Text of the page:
Vol.2, No.8

How to remove a door knob

Installing a new door knob, or removing the old to accommodate a new coat of paint? Read on for some hardware disassembly help.

A door knob
Photo Credit: Diane Diederich
Removing a door knob is generally as easy as removing the screws and pulling out the pieces. But don't just grab a screwdriver and attack--you'll want an orderly plan of action and an idea of what you're getting into.

First, gather your tool set. You'll need a Phillips screwdriver for obvious reasons, and possibly a flat-head screwdriver or thin chisel as well. Grab a plate from the kitchen, too; you'll put the pieces on it to reduce the chances of them getting scattered. If this is a replacement job, use a separate plate for the new knob to avoid mix-ups.

If the door in question has a door closer installed, you'll need to prop the door open so you can easily get to both knobs. Sticking your foot in the door works well enough, but the awkward position will tire you out. Get a sturdy book or a large rock instead.

Unpack the new door knob set, if one is involved, and examine its parts. This will give you a head start on understanding the hardware involved.

You'll start by removing the trim. This is near-flat disk, often decorative, that lies between the knob and the door. You'll find trim attached on both sides. In most cases, two screws secure the trim, one to each side of the knob; remove them. However, in the case of some modern door knobs, the trim is affixed with adhesive instead of screws. You'll need that flat-head screwdriver or chisel to pry it off. To avoid scratching the door, make sure to slide your tool underneath as far as it will go before attempting to lever it off. You might also try laying a scrap of felt or flannel under the tool.

Newer door knob models often fuse trim and knob into one piece. After removing the two long screws, you'll be able to pull both door knobs right out of the door. But if the trim is separate, the job's still a simple one. The long screws will be hiding under the trim; once you extract them, your door knobs will come right out.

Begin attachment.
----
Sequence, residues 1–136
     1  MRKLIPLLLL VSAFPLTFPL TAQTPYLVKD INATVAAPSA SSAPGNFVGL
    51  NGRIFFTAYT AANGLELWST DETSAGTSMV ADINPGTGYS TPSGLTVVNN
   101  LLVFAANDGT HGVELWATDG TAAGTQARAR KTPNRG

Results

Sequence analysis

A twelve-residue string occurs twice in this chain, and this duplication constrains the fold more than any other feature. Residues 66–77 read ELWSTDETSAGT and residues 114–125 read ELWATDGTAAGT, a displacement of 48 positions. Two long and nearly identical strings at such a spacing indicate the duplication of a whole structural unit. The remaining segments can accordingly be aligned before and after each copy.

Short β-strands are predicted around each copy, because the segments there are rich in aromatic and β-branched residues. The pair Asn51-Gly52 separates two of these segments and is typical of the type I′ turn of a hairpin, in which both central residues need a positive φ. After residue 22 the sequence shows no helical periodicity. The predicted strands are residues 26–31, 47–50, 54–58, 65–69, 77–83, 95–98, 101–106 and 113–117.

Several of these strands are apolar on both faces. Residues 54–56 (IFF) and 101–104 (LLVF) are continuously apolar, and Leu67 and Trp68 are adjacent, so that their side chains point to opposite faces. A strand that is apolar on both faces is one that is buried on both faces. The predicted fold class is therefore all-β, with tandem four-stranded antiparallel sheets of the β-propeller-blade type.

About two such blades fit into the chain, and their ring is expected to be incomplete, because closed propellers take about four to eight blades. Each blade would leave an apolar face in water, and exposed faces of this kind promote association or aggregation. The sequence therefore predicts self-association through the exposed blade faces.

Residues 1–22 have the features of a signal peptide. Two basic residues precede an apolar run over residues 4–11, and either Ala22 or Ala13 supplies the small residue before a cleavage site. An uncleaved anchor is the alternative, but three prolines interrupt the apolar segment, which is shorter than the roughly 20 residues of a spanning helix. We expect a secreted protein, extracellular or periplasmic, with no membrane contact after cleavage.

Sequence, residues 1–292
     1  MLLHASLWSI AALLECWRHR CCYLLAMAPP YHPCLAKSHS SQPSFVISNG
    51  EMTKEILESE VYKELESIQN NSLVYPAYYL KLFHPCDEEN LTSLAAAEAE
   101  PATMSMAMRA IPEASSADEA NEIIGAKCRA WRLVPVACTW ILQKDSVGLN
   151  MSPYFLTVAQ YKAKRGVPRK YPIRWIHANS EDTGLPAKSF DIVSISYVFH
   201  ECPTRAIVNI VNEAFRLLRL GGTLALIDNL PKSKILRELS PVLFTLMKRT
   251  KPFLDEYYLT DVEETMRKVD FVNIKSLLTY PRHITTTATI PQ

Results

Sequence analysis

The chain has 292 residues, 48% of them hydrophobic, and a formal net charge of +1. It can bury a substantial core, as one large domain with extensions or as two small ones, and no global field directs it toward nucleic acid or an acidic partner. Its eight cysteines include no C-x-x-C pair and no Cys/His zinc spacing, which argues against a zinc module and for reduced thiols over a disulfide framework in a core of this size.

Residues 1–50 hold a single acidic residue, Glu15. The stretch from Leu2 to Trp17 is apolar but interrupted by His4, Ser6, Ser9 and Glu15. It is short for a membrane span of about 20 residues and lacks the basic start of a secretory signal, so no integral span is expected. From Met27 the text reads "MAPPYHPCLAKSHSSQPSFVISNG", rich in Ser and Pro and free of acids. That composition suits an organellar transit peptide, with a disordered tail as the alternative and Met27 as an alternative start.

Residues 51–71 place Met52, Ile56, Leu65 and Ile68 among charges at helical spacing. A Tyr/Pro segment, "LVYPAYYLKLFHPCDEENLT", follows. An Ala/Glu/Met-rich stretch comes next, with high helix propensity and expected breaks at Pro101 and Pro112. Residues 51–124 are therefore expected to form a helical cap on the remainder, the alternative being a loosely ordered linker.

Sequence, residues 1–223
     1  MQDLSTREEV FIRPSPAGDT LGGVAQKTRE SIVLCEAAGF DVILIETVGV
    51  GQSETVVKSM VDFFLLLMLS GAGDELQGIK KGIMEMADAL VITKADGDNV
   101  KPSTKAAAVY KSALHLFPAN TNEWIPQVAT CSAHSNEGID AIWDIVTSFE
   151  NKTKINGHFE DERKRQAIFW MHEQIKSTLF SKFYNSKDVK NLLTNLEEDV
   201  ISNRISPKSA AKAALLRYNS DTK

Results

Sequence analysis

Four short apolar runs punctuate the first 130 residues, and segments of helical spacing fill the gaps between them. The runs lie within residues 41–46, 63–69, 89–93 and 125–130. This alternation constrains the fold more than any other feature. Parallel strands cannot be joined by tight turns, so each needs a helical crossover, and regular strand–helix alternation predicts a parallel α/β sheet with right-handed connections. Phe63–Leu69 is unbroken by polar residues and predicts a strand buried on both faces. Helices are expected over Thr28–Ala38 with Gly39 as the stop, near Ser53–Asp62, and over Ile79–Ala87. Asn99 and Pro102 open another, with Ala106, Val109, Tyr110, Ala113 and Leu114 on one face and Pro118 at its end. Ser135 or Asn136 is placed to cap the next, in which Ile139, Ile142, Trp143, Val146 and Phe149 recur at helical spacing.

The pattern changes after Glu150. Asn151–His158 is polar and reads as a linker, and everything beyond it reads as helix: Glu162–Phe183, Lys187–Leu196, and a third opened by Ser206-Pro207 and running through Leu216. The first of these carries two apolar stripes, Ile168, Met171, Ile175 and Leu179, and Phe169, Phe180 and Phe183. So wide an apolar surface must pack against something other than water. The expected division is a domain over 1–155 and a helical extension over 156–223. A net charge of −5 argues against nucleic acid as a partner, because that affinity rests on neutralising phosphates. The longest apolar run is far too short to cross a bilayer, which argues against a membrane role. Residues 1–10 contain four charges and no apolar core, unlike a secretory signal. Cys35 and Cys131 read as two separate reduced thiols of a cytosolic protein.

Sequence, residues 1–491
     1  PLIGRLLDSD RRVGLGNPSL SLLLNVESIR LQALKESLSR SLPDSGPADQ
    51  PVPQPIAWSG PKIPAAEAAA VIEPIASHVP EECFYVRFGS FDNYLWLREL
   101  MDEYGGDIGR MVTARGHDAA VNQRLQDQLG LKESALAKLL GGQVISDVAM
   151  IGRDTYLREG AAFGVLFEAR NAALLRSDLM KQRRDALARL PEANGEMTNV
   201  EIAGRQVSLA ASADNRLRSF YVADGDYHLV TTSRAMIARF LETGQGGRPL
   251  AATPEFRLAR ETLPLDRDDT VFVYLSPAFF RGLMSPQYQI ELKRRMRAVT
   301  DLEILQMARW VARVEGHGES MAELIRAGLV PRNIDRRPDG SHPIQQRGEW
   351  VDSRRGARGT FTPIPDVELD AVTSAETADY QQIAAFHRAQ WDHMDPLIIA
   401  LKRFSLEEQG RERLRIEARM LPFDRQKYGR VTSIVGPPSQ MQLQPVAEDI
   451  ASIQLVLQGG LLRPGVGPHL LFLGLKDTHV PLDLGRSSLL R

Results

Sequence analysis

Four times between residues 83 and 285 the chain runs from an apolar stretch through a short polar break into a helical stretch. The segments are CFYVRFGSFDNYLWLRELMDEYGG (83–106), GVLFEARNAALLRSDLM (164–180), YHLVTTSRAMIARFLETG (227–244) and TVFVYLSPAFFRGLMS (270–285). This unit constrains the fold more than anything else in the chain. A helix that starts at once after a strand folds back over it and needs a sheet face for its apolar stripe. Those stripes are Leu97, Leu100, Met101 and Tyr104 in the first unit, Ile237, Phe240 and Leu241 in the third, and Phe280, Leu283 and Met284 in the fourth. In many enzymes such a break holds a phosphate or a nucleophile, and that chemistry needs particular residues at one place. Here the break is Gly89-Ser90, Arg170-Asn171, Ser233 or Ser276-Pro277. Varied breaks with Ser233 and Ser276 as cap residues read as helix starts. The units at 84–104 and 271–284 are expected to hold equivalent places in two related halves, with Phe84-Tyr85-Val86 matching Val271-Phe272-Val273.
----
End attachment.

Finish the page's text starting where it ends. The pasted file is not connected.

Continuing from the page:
As parts come loose, set them down so that they fit together as they did in the door. This will give you a quick visual reference to assess that no pieces have gotten lost and to remember how to reassemble them.

Now that the door knobs are out, you'll be able to examine the bolt. This is the part with the "tongue" that holds the door closed. You can see the hole in the bolt where the door knob axles held it in place and manipulated the latch. On external doors and some internal ones, the bolt will be additionally secured by two screws on the door's edge, one above and one below the latch. If so, remove them. The bolt should easily slide out of the edge of the door.

Finally, take a look at the door frame where the bolt latches, and consider the strike plate. This is the flat metal piece laid over the hole that receives the latch. It gives the door frame a more finished appearance and provides a durable surface for the slanted edge of the latch to hit. If the replacement door knob comes with its own strike plate, or if the old strike plate is of a different color from the new knob, you'll want to replace the plate. Remove the two screws that secure the strike plate (one above, one below the latch hole), and you're done.

The bolt screws and the strike plate screws will have been drilled directly into the wood. You may find the screw holes worn too smooth inside to hold screws anymore. If so, take a toothpick with a drop of carpenter's glue (plain old white school glue will also work) and stick it into the hole as far as it will go. Break off whatever's sticking out by bending the toothpick sharply to the side. Let this remedy sit for about five minutes to allow the glue to become tacky, then insert screws as usual. The extra wood and glue will give the screw something to "bite."

One last tip: If this is your first experience with door hardware disassembly, you may want to practice on an interior door before attempting to replace an exterior door's knob. You'll feel less pressured if your ability to lock the front door doesn't hang on a successful reassembly.